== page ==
How can I get my father to join a Parkinson's disease support group?
I've been trying to get my father to join a support group for Parkinson's disease patients in his community, but he's been reluctant to do so. He was diagnosed over two years ago and doesn't get out to socialize as much as he used to. How can I encourage him to connect with others?
I'm a big fan of support groups. If your father is apprehensive about seeing other patients with Parkinson's disease who are further along in the illness, what I'd say to him is: "Yes, you may see someone who's considerably impaired because of Parkinson's. But for every one person you see having trouble, you'll meet four or five others who are doing great, despite having had the condition for many years. And even the person who looks more impaired may simply be having a bad day symptom-wise. The support group experience is usually very encouraging because some members may have had Parkinson's much longer and they're still doing just fine."
I recommend that the adult children of Parkinson's patients go to one meeting of a support group beforehand to preview it for their parent. Knowing what you know about your father, you can give him your take on whether this will be the right group for him, because groups have their own personalities. For instance, if your parent is relatively young and vigorous but the group is made up of much older folks, it might not be a good fit, and you'll want to check out another one.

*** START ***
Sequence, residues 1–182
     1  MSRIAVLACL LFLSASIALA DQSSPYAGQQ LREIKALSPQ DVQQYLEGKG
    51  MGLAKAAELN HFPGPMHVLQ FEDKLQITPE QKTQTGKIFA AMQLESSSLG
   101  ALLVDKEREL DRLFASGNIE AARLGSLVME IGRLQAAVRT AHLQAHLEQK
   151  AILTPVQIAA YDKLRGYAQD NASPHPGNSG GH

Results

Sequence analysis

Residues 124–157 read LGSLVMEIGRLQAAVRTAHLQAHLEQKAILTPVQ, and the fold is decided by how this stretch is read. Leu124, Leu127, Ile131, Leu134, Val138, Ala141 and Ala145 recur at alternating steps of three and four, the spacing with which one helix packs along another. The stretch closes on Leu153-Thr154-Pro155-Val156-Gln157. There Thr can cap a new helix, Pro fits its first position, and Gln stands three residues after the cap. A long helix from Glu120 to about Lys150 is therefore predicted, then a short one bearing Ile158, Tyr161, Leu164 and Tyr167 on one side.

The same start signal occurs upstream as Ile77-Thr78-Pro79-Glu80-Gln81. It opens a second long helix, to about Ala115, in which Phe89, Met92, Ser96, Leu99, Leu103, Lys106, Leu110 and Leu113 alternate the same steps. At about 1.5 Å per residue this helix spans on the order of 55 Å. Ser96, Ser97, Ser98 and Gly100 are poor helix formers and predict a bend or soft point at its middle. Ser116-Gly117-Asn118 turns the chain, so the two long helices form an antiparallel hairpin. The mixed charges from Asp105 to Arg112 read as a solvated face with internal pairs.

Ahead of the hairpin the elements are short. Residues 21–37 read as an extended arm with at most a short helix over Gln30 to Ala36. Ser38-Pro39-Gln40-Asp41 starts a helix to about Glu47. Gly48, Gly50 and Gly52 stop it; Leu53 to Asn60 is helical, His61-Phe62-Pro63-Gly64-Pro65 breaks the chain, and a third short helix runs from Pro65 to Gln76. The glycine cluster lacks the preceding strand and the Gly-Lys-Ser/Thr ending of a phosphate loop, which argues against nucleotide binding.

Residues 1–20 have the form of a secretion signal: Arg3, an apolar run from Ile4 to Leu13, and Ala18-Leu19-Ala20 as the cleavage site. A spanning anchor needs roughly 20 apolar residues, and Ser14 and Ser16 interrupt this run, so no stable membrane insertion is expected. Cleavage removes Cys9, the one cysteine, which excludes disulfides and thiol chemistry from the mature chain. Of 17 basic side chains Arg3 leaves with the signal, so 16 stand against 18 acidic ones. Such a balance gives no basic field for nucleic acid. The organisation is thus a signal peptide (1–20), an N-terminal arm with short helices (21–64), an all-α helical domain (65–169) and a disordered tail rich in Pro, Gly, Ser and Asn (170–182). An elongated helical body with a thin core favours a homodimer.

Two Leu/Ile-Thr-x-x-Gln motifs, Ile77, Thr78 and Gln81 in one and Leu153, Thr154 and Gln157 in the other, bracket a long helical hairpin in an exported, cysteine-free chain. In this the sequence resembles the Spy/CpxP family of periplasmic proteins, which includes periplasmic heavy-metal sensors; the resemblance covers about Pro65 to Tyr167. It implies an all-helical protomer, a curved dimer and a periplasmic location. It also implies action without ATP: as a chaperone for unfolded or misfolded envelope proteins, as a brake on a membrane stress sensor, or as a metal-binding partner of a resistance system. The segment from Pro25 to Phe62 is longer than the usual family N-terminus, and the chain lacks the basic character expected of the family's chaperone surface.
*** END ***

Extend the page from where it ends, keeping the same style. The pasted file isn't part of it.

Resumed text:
To help motivate your father, you might offer to go to the local support group with him the first time. People often think of support groups as psychotherapy. Maybe your father doesn't want to sit at a table with a group of people and share his personal story. It may be less daunting for him to know that Parkinson's disease support groups like those organized through the American Parkinson Disease Association and the National Parkinson Foundation often host monthly meetings that focus on a topic presented by an invited speaker. Afterward, there may be refreshments and time to meet and visit with other families. I find that these groups are highly encouraging to patients. You may have to beg your father to go the first time, but you probably won't have to nag him to go back.
I have been a teacher of exercises in a Parkinsons group for some time now. You see patients at every stage--some not so bad--some very bad. Perhaps he is in denial? Perhaps he doesn't want to see what he might be like in a few months or years.I agree it woud be good for you to go with him and just tell him you want you both to go and see if he would benefit from it?? We have a wonderful group here in NW AR :) And we have support meetings every month--up to date information, etc... professional lectures, etc...I think if you go with him a time or two it would make him alot more at ease. Good luck in your journey...it will not be a easy one and it is not for sissy's! God bless you and your Dad he is lucky you care enough to want him to go.